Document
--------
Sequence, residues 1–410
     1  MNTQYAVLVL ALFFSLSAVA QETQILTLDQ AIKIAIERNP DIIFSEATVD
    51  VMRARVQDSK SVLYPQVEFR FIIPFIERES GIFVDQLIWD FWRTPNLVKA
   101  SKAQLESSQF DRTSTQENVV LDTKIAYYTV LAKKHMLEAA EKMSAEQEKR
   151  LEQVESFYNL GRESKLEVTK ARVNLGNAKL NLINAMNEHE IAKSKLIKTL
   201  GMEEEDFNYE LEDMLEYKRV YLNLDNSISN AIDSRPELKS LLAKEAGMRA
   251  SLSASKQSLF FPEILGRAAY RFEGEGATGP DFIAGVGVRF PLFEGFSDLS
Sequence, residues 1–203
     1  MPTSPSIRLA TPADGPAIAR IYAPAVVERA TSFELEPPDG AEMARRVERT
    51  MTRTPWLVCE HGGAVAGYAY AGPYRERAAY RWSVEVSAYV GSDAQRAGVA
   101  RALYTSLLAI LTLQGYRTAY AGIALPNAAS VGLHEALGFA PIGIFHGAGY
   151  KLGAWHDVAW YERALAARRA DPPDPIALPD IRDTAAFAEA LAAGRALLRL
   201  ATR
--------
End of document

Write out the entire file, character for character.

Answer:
Sequence, residues 1–410
     1  MNTQYAVLVL ALFFSLSAVA QETQILTLDQ AIKIAIERNP DIIFSEATVD
    51  VMRARVQDSK SVLYPQVEFR FIIPFIERES GIFVDQLIWD FWRTPNLVKA
   101  SKAQLESSQF DRTSTQENVV LDTKIAYYTV LAKKHMLEAA EKMSAEQEKR
   151  LEQVESFYNL GRESKLEVTK ARVNLGNAKL NLINAMNEHE IAKSKLIKTL
   201  GMEEEDFNYE LEDMLEYKRV YLNLDNSISN AIDSRPELKS LLAKEAGMRA
   251  SLSASKQSLF FPEILGRAAY RFEGEGATGP DFIAGVGVRF PLFEGFSDLS
Sequence, residues 1–203
     1  MPTSPSIRLA TPADGPAIAR IYAPAVVERA TSFELEPPDG AEMARRVERT
    51  MTRTPWLVCE HGGAVAGYAY AGPYRERAAY RWSVEVSAYV GSDAQRAGVA
   101  RALYTSLLAI LTLQGYRTAY AGIALPNAAS VGLHEALGFA PIGIFHGAGY
   151  KLGAWHDVAW YERALAARRA DPPDPIALPD IRDTAAFAEA LAAGRALLRL
   201  ATR